Google Earth: overview of available mapping products


Satellite communication, a failsafe option for disaster management and emergency response


n the past months, UN-SPIDER has par-

to support emergency telecommunications.

ticipated in a number of conferences and

Satellite phones, Broadband Global Area

meetings across the Middle East, promoting

Networks (BGANs) and Very Small Aperture

the use of space-based information for di-

Terminals (VSATs) enable the two-way relay-

saster management and the mission of the

ing of not only voice communication but also

Programme. Particularly the use of satellite-

video and other data to the rest of the world.

based communication technology was dis-

These products provide a temporary channel

cussed on these occasions.

of communication to those affected, at least

Recent events in Asia as well as the ongoing

until the terrestrial telecommunications and

unrest in parts of the Middle East have high-

mobile network infrastructure can be resto-

lighted the fact that access to communication


links is essential in targeting aid to those most

In particular the challenges faced by the oil

in need. In this regard, satellite communica-

and gas industry when it comes to disaster re-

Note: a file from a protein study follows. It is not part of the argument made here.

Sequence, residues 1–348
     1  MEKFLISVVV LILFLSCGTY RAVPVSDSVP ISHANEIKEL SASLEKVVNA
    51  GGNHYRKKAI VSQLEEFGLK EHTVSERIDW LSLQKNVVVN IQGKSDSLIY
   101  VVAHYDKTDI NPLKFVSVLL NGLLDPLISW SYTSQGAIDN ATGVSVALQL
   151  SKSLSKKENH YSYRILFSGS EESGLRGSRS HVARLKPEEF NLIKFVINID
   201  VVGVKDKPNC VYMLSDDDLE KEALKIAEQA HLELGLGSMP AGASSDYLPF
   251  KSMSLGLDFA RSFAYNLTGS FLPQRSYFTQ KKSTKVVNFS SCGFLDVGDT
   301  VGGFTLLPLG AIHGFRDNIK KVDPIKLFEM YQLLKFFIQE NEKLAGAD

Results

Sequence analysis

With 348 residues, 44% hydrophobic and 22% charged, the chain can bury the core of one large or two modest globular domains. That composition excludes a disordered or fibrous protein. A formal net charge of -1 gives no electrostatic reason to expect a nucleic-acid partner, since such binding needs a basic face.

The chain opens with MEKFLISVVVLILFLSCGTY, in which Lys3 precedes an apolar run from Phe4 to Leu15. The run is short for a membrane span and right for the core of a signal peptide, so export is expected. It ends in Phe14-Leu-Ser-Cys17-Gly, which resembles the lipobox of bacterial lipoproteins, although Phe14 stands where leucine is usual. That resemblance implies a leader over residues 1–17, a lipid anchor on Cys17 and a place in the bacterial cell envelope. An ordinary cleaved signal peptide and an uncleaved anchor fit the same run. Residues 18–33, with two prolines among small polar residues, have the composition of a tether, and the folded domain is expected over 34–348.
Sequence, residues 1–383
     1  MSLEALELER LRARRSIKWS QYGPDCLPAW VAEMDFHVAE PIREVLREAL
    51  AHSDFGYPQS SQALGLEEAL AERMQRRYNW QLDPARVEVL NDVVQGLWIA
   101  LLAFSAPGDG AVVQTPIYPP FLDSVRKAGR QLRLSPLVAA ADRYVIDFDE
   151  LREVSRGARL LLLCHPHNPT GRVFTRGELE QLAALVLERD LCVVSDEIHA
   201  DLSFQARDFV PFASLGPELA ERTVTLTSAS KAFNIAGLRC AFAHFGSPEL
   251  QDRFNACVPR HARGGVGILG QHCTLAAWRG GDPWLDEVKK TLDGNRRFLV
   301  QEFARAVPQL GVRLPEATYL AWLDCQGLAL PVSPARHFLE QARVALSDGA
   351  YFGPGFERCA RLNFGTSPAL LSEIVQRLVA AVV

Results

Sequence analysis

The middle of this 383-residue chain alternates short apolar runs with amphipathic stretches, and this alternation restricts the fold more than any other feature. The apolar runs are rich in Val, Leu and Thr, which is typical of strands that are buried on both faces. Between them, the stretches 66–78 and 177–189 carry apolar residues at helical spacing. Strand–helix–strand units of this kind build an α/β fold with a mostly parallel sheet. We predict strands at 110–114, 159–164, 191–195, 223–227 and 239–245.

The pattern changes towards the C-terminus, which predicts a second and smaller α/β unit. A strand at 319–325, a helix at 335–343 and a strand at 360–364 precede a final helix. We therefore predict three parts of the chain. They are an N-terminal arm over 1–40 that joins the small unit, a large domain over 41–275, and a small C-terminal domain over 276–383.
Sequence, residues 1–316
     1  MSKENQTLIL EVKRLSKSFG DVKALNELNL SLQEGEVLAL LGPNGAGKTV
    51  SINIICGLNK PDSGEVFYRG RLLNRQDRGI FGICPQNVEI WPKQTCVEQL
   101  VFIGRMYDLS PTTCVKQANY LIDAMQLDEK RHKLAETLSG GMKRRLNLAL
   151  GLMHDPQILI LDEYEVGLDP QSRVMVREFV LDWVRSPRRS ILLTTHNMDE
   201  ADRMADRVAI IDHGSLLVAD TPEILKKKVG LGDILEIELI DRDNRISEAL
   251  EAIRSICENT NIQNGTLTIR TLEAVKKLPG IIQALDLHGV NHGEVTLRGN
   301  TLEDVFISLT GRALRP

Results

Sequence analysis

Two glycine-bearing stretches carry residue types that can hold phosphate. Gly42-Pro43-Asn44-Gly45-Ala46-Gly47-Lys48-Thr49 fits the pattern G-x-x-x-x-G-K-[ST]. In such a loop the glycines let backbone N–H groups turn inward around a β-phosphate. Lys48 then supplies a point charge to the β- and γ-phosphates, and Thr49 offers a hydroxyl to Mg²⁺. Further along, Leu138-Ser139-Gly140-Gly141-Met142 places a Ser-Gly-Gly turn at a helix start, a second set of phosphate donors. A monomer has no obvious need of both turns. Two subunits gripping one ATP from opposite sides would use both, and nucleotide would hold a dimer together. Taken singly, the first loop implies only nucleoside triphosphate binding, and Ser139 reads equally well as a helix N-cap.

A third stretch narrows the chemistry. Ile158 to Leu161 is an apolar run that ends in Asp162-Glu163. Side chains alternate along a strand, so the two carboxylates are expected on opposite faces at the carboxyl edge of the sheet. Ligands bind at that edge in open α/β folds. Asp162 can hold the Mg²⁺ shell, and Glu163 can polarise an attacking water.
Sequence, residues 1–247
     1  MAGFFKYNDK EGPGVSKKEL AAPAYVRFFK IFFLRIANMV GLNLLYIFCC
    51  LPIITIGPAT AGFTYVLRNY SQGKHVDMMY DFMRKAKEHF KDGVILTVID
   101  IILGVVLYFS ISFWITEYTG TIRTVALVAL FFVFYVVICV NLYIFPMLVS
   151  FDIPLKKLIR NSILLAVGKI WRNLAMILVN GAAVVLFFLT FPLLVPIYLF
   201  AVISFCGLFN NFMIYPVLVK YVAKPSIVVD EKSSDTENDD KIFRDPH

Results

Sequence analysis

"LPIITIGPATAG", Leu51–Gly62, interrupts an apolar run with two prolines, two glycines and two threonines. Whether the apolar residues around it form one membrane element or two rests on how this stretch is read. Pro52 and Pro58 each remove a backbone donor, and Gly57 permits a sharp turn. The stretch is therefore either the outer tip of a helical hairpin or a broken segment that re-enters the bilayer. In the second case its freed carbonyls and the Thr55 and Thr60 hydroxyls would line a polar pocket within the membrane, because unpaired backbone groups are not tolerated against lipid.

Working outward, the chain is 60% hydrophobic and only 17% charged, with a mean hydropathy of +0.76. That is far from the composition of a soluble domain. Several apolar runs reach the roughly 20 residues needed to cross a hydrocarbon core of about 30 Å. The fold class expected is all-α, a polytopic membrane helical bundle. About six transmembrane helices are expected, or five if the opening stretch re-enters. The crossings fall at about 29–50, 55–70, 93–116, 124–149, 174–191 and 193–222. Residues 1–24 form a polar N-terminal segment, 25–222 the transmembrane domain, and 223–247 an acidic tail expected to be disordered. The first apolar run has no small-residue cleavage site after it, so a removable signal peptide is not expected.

tion benefits not only those directly affected

covery are unique. Supplying the World’s de-

but also search and rescue missions by inter-

mand for fossil fuels and minerals has driven

national aid organizations as well as national

companies to explore more remote, geogra-

civil and military response teams.

phically widespread and sometimes environ-

While landlines are frequently rendered unu-

mentally harsh and extreme areas. Satellite

sable during natural disasters, public cellular

communication is deployed by the oil and gas

lines are also often out of order, as they be-

industry for operations command and control

come overloaded during the critical hours

and it is also the main communication means

of disasters. Satellite communications are

when technical disasters strike.